WHISTLER: Washington’s main allies delivered a unified message of shock and dismay at a Group of Seven ministerial meeting Saturday, urging US President Donald Trump to rescind punishing metal tariffs that took effect Friday.
US Treasury Secretary Steven Mnuchin was the odd man out as major trading partners rebuked Trump’s multi-front trade offensive while their government’s announced countermeasures and legal challenges that brought much of the global economy to the brink of open trade conflict.
Finance ministers at this snow-capped mountain resort north of Vancouver, British Columbia spoke of exasperation and an abiding sense of betrayal by a longtime ally.
Mnuchin, however, downplayed the disagreements and said the United States remained committed to the G7 process.
Canadian Finance Minister Bill Morneau announced the host government and five others had urged Mnuchin to express their “unanimous concern and disappointment” to the White House over new US tariffs.
French Finance Minister Bruno Le Maire also expressed France’s outrage as the meetings ended.
“I want to make it clear,” Le Maire said, “that it is up to the US administration to make the right decisions to alleviate the situation and ease the difficulties.”
Avoiding trade war, he added, “will depend on the decision the (US) administration is ready to take in the next few days and in the next few hours — I’m not talking about weeks ahead,” Le Maire said.
The European Union and Canada are the largest sources of US steel and aluminum imports respectively.
German Finance Minister Olaf Scholz told reporters the US tariffs were “a very severe problem” for transatlantic relations.
“No one understands that due to security reasons there should be extra tariffs on steel and aluminum,” he said.
Trump’s tariffs on America’s largest foreign providers of the crucial metals upended the agenda for this normally convivial event for consensus-building among countries that account for about half of global GDP.
No joint final statement emerged from the G7 ministerial meeting, a sign of the strong discord now at the heart of the global economy.
How such complaints would be received remained unclear, however. As the ministers’ meet ended, Trump was as bellicose as ever, taking to Twitter to denounce “stupid trade” in which he said the US saw foreign tariffs on its exports without responding in kind.
“When you’re almost 800 Billion Dollars a year down on Trade, you can’t lose a Trade War! The U.S. has been ripped off by other countries for years on Trade, time to get smart!” he wrote.
Getting an earful from allies
Chairing a meeting on Friday, Morneau allowed participants to register grievances with Mnuchin one at a time, according to a Canadian source.
Behind closed doors, sources briefed on the talks said Mnuchin listened but spoke little, saying instead the discussion could continue at next week’s G7 summit in the French-speaking province of Quebec at which Trump is expected to participate.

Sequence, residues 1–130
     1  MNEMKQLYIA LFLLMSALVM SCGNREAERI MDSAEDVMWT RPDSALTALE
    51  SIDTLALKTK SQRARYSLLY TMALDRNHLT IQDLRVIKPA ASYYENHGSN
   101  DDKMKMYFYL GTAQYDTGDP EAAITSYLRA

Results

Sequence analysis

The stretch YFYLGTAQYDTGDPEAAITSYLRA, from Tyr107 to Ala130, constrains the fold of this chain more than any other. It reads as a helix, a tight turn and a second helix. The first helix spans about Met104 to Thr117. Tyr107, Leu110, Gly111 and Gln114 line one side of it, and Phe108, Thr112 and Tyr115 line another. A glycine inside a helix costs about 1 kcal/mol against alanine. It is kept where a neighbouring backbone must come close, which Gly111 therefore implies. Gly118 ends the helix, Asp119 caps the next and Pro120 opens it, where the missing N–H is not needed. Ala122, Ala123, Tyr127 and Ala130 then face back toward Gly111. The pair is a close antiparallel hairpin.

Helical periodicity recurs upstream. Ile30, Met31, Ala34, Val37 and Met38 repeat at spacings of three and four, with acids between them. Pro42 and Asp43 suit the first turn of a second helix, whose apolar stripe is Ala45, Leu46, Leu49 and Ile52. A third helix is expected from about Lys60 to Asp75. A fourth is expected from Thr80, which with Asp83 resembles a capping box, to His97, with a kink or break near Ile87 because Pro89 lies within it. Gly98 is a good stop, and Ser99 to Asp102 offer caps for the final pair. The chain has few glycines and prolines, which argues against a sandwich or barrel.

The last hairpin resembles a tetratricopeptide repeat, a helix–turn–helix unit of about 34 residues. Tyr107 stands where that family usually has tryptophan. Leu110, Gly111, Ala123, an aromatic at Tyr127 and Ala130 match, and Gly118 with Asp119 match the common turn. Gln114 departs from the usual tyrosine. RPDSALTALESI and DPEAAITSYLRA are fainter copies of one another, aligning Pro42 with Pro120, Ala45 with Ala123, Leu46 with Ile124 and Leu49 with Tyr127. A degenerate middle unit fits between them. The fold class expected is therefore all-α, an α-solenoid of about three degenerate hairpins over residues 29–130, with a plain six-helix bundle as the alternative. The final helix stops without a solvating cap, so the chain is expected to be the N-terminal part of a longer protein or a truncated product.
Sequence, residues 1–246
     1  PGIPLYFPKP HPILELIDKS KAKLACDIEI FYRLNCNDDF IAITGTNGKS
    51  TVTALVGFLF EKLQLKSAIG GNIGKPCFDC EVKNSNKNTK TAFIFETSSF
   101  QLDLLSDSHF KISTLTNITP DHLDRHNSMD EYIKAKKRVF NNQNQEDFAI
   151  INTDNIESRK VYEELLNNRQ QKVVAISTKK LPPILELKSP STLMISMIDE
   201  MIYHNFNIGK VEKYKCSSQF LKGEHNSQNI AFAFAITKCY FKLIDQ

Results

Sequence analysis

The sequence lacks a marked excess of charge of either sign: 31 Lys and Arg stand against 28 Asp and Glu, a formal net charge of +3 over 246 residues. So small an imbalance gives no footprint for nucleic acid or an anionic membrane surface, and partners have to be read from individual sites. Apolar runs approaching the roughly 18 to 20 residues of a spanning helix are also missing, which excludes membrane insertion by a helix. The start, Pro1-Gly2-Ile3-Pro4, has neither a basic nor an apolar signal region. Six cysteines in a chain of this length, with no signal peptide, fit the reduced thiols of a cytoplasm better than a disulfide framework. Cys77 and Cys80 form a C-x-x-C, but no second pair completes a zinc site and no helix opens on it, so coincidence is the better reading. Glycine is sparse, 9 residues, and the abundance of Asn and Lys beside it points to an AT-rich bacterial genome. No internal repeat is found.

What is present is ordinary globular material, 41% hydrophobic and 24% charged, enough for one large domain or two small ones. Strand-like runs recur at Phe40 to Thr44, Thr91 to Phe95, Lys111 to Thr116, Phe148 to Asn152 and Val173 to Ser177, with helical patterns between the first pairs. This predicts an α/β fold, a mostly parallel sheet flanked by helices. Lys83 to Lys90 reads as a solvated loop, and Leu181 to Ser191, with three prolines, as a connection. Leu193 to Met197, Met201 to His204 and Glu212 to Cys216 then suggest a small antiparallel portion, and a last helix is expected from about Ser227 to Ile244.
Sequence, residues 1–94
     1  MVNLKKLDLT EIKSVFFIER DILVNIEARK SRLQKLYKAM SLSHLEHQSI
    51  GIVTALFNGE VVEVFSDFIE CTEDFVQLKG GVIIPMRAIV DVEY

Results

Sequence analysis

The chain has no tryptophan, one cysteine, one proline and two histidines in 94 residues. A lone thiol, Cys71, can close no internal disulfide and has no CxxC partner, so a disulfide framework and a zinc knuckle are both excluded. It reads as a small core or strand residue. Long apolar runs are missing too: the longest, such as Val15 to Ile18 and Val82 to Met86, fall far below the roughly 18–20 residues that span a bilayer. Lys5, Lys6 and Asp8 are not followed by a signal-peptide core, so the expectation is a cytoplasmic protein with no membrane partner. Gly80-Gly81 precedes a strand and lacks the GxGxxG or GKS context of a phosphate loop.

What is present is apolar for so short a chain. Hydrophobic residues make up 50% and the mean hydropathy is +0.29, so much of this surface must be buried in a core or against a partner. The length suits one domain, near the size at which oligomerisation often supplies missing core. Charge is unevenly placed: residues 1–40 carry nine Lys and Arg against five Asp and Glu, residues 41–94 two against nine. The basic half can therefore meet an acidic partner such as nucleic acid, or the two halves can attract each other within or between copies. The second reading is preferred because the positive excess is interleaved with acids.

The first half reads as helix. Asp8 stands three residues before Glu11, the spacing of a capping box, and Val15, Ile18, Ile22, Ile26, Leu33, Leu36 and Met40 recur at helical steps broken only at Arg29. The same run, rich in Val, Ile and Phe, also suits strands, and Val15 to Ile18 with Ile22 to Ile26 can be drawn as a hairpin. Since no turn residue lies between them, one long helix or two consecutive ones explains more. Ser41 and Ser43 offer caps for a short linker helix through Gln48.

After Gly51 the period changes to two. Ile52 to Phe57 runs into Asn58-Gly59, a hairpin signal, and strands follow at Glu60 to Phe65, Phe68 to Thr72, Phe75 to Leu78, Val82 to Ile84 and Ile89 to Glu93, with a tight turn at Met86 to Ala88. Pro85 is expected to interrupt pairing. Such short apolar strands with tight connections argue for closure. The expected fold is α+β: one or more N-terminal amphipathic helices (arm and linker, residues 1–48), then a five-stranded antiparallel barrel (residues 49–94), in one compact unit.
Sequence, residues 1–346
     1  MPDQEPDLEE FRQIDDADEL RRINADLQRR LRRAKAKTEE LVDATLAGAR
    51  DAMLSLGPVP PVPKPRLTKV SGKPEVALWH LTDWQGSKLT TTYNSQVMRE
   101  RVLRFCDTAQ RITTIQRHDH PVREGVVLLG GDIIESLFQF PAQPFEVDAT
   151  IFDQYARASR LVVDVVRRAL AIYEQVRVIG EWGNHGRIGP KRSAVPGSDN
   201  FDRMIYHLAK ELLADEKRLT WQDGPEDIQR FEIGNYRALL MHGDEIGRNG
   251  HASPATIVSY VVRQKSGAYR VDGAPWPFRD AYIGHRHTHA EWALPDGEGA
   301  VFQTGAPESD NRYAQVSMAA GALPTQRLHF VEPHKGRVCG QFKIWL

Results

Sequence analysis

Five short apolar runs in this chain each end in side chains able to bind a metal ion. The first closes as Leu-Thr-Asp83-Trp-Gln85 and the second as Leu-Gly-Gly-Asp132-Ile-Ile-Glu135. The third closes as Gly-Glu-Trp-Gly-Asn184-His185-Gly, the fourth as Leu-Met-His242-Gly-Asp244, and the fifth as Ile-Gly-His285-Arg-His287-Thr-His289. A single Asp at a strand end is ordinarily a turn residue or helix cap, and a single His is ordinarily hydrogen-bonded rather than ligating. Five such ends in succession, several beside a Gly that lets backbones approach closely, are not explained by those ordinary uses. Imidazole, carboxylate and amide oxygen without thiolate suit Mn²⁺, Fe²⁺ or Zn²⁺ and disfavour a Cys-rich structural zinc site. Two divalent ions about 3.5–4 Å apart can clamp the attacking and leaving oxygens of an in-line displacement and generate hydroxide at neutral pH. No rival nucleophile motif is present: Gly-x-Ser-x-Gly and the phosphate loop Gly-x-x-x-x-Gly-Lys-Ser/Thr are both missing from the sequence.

Mnuchin said he had informed Trump of his discussions but that trade was only one of many issues on a full agenda.
“These are our most important allies or some of our most important allies. We’ve had long-standing relationships with all these countries that are very important across all different aspects,” Mnuchin told reporters.
“I believe there was a comment out there that this was the G6 plus one. It was not. This was the G7. We believe in the G7.”
The week’s whirlwind global developments in trade suggested de-escalation was unlikely.
On Friday, Trump mooted the possibility of scrapping the 24-year-old North American Free Trade Agreement in favor of seeking bilateral agreements with Canada and Mexico.
G7 governments were also digesting Trump’s threats to impose tariffs on hundreds of billions of dollars in US auto imports on purported national security grounds.
In China, US Commerce Secretary Wilbur Ross was due to conduct trade talks with Chinese officials even as Washington finalizes planned sanctions on Beijing.
Potential measures include restrictions on Chinese investment in the United States, new export controls and 25 percent tariffs on about $50 billion in tech-sector goods.
The talks come despite the Trump administration’s apparent announcement last month of a truce with Beijing following talks in Washington last month.
China has threatened to hit back with tit-for-tat tariffs on tens of billions of dollars in US goods — as have Canadian, EU and Mexican authorities.
They have targeted goods manufactured in key US political districts that could weaken Trump’s hand after November’s mid-term elections.
The final list of Chinese imports affected by US tariffs will be announced June 15 and imposed shortly thereafter, while the proposed investment restrictions and enhanced export controls will be announced by June 30, according to the White House.
“China’s door for negotiation remains open,” foreign ministry spokeswoman Hua Chunying said Friday.